I have been a curious lightening rod for Sino-American perceptions of each other, especially with respect to the meaning and importance of Shenzhen in all this global restructuring. I have confounded gendered stereotypes because my body signifies an elite position within global hierarchies. As a white, upper middle class American woman, I have been expected to enjoy and choose from the best that the world offers, which is apparently not to be found in Shenzhen. Or if in Shenzhen, I have been expected to stay only for the time it would take to complete a project and then return to where I belong. This past trip to the US, I discovered that my life choices had become mainstream in profound and (often) distressing ways.
The first time I went to China (1995), I stayed three years before I returned to the US. My ability to speak Chinese and decision to study cultural transformation in Shenzhen (rather than Beijing or perhaps Shanghai) shocked most inhabitants. Indeed, they consistently urged me to head north to conduct valuable research. More tellingly, when I went shopping or stopped at a telephone kiosk, venders and recent migrants (even from Beijing and Shanghai) frequently mistook me for either (a) English by way of Hong Kong or (b) Russian by way Window of the World. Once they realized that I was actually American, the same vendors immediately proposed that Yang Qian was (in order of plausibility): Japanese, Korean, Taiwanese, Singaporean, and Hong Kongese. Only with great reluctance (and then disturbingly cheerful surprise), they said, “You’re Mainland Chinese!!!” At which point, they asked where we had met in America.
Once I started making annual trips back to the US, however, I realized that my decisions to live and study in Shenzhen were equally shocking to mainstream Americans, who had not heard of the SEZ, its importance in reforming Chinese society, or the scale of what was happening just north of Hong Kong. When I was in West Lafayette, IN, pursuing a Master’s at Purdue (circa 1990), an undergraduate student asked me what the point of studying Chinese was if I couldn’t use it to find a job. Indeed, as late as Spring 2000, members of a job selection committee at a liberal arts college asked me, “What’s so international about Shenzhen?” and then hired someone who studied urban life in Beijing.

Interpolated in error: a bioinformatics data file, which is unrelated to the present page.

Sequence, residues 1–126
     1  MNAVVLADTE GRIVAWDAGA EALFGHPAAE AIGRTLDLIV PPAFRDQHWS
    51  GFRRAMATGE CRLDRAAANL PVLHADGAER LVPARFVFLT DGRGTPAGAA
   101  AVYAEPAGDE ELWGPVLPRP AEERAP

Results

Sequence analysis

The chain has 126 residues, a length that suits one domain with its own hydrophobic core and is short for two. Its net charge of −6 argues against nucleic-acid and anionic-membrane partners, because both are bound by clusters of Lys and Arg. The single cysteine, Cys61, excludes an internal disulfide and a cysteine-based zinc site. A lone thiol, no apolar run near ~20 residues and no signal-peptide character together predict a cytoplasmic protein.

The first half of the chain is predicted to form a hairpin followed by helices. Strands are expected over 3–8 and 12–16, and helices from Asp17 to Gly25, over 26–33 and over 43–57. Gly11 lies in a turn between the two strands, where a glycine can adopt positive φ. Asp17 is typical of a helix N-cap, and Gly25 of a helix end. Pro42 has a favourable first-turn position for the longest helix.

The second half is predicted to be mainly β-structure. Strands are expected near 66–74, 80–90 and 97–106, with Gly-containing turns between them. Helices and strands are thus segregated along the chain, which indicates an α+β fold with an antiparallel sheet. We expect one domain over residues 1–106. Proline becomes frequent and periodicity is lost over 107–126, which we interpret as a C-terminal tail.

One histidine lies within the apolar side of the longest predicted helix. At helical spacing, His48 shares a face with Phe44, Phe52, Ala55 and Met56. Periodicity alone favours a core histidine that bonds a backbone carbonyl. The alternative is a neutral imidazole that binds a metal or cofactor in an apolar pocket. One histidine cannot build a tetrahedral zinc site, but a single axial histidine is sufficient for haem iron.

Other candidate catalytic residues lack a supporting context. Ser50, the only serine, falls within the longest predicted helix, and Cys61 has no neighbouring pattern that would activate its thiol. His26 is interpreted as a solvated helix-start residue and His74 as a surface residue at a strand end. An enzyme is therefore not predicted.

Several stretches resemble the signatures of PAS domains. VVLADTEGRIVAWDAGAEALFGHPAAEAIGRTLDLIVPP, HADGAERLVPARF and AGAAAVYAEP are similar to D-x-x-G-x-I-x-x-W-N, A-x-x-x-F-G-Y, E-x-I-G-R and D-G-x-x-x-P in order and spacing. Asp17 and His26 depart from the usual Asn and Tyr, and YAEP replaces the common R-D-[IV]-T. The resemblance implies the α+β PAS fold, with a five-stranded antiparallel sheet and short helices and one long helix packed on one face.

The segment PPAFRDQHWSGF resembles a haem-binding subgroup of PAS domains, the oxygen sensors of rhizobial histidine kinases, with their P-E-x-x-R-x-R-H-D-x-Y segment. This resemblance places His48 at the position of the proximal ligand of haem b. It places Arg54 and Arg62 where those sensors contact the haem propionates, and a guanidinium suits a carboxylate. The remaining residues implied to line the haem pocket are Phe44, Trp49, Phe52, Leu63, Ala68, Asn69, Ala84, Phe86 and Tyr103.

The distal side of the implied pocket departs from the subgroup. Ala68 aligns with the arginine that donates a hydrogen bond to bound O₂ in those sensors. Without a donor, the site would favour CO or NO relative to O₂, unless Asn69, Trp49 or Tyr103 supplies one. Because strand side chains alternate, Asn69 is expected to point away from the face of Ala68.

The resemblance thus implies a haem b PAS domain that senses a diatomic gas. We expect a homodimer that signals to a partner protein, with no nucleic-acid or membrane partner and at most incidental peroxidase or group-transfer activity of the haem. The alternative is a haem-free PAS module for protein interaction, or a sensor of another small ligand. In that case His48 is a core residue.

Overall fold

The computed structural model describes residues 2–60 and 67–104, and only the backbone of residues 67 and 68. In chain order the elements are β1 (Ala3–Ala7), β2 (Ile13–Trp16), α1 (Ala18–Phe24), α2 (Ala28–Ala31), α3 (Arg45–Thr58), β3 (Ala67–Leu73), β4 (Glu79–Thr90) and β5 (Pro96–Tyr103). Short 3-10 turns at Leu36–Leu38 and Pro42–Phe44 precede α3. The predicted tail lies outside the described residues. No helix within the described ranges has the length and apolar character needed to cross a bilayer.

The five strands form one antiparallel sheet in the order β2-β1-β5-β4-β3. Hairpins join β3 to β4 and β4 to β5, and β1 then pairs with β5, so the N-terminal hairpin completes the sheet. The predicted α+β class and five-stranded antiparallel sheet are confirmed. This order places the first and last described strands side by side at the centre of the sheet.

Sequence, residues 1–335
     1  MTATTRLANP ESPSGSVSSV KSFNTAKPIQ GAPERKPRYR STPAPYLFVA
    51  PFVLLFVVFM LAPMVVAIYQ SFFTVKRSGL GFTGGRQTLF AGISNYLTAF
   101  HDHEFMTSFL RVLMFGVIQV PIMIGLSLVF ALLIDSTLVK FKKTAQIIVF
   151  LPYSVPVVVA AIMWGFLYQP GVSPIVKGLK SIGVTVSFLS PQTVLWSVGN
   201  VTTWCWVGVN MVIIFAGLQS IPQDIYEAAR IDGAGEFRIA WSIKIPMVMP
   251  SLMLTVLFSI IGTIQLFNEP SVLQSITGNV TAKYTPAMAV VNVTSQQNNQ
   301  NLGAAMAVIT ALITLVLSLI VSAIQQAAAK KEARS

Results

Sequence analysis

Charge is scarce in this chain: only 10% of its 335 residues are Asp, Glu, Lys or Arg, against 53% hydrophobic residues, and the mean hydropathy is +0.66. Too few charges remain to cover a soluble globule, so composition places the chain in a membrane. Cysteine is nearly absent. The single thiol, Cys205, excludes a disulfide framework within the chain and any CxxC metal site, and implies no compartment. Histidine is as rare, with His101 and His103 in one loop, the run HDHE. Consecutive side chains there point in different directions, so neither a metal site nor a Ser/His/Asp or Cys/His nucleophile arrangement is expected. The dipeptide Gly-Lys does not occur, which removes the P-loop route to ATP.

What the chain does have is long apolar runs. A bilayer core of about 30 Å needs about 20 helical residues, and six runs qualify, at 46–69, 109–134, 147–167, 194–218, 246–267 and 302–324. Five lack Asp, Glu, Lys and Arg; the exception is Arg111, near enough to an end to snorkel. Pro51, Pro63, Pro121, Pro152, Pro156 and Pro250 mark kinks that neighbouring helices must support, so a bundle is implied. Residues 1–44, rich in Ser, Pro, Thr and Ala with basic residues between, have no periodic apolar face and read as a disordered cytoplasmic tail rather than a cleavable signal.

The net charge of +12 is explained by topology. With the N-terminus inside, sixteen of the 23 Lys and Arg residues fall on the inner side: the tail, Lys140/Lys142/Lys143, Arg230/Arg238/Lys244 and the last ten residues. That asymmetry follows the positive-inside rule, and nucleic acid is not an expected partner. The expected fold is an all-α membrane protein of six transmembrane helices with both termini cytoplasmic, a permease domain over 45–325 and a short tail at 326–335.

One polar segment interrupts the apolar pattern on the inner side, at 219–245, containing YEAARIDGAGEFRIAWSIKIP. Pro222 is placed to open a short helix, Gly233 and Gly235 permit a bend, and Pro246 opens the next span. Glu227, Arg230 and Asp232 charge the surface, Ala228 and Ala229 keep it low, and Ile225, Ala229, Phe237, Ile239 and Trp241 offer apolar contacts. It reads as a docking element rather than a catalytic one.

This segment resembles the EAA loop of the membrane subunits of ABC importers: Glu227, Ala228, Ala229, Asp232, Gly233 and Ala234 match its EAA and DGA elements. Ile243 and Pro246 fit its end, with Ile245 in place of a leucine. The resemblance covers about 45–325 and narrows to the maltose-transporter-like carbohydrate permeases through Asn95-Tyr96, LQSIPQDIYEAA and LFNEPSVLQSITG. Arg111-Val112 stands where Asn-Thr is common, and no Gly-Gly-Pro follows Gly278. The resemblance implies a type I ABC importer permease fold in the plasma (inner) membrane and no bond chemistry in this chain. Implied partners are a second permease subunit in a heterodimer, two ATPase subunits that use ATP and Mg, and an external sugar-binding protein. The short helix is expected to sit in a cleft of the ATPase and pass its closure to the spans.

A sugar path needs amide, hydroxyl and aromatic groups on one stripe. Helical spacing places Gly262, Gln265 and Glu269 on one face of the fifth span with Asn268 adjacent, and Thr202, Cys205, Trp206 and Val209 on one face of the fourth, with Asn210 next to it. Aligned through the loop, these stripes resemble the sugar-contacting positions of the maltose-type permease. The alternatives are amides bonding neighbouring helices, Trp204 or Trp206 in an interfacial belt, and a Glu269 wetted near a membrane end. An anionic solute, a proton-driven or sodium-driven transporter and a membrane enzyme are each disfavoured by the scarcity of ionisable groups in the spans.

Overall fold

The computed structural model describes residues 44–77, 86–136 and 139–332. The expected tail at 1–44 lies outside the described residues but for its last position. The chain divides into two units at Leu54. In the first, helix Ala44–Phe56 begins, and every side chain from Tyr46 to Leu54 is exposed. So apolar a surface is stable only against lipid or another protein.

The past five years, I have noted how more and more young international professionals are coming to Shenzhen – to work, to invest, to conduct research, and to create art. In Shenzhen, I am no longer strange, but an expected feature of the urban fabric: the foreign investor / English teacher, and also the foreign intellectual, who now appears regularly in Shenzhen’s many international events. Only in conversation, do I still manage to surprise Chinese interlocutors. Likewise, this trip, several incidents suggest how deeply aware not only of China, but also Shenzhen my U.S. family and friends have become. In Seattle, Natasha’s five-year old daughter, Roman is studying Chinese in an immersion program and could speak and write some Chinese. Meanwhile, Natasha and I brainstormed possible collaborations in Shenzhen. On the plane from Seattle to Houston, we met a young college graduate, who chatted in Beijing accented Mandarin and was constructing a multi-national life. In Southern Pines, NC, my two-year old nephew, Emanuelle watches Nihao Kailan and enjoys saying xiexie.
And yet. All this mainstreaming seems to be quickly congealing into stereotypes that perpetuate the kinds of ignorance that shaped early perceptions of my presence in Shenzhen. Most Chinese and Americans continue to believe that (a) the US offers a better life than China and that (b) the only reason one would go to and remain in Shenzhen is to become rich. The most glaring example of this kind of thinking is that those in positions to deny visas (to me in Shenzhen) and entry into the US (YQ when we come back) continue to suspect that there is something not quite right about a mixed couple, who have chosen to live in Shenzhen (rather than, for example, West Lafayette, IN). And yes, they act on these impressions. I am still not eligible for a Chinese green card because eligibility is based on investment or Chinese blood, rather than marriage. Immigration officers still bully YQ when we enter the US because we have chosen to create a life in Shenzhen.
All this to say that China and Shenzhen seem to have been mainstreamed in ways that conform low expectations – get in, make a buck, get out, rather than in ways that might encourage new ways of being global citizens. Moreover, all these bucks continue to sustain illusions of American supremacy, not only because more and more of China’s young elites bring their dreams, talents, and money to the US, but also because many who go to Shenzhen do so looking (and therefore) only finding economic opportunity. Thus, both US and Chinese officials continue to read YS and my lack of visible economic progress as suspicious activity.
I’m happy my nephew can say xiexie. I wish he was also being taught that the appropriate form of courtesy is to jiaoren – to call older people ayi and shushu, or nainai and yeye and that too many xiexies often seem overly formal (at best) or sarcastic in Mandarin contexts. Such are my thoughts as we enter the Year of the Tiger.
Hear me roar.